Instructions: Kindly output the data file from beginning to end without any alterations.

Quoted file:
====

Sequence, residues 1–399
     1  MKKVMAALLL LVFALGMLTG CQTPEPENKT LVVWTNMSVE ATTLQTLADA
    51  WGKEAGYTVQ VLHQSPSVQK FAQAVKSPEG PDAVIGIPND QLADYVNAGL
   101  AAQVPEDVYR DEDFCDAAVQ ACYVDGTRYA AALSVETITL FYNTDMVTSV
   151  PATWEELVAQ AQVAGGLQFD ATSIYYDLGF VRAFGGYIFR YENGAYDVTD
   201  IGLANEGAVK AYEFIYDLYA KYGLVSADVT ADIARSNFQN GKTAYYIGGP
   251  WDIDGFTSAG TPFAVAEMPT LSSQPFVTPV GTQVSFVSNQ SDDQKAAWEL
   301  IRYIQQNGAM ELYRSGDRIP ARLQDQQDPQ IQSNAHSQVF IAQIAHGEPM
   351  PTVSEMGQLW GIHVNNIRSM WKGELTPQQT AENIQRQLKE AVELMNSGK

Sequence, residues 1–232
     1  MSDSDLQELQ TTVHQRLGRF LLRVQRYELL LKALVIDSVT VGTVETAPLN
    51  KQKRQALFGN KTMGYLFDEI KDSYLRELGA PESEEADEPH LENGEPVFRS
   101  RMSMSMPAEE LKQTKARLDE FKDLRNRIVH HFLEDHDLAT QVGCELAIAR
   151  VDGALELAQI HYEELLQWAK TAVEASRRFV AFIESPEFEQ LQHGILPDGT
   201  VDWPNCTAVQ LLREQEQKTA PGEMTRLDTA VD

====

Sequence, residues 1–399
     1  MKKVMAALLL LVFALGMLTG CQTPEPENKT LVVWTNMSVE ATTLQTLADA
    51  WGKEAGYTVQ VLHQSPSVQK FAQAVKSPEG PDAVIGIPND QLADYVNAGL
   101  AAQVPEDVYR DEDFCDAAVQ ACYVDGTRYA AALSVETITL FYNTDMVTSV
   151  PATWEELVAQ AQVAGGLQFD ATSIYYDLGF VRAFGGYIFR YENGAYDVTD
   201  IGLANEGAVK AYEFIYDLYA KYGLVSADVT ADIARSNFQN GKTAYYIGGP
   251  WDIDGFTSAG TPFAVAEMPT LSSQPFVTPV GTQVSFVSNQ SDDQKAAWEL
   301  IRYIQQNGAM ELYRSGDRIP ARLQDQQDPQ IQSNAHSQVF IAQIAHGEPM
   351  PTVSEMGQLW GIHVNNIRSM WKGELTPQQT AENIQRQLKE AVELMNSGK

Sequence, residues 1–232
     1  MSDSDLQELQ TTVHQRLGRF LLRVQRYELL LKALVIDSVT VGTVETAPLN
    51  KQKRQALFGN KTMGYLFDEI KDSYLRELGA PESEEADEPH LENGEPVFRS
   101  RMSMSMPAEE LKQTKARLDE FKDLRNRIVH HFLEDHDLAT QVGCELAIAR
   151  VDGALELAQI HYEELLQWAK TAVEASRRFV AFIESPEFEQ LQHGILPDGT
   201  VDWPNCTAVQ LLREQEQKTA PGEMTRLDTA VD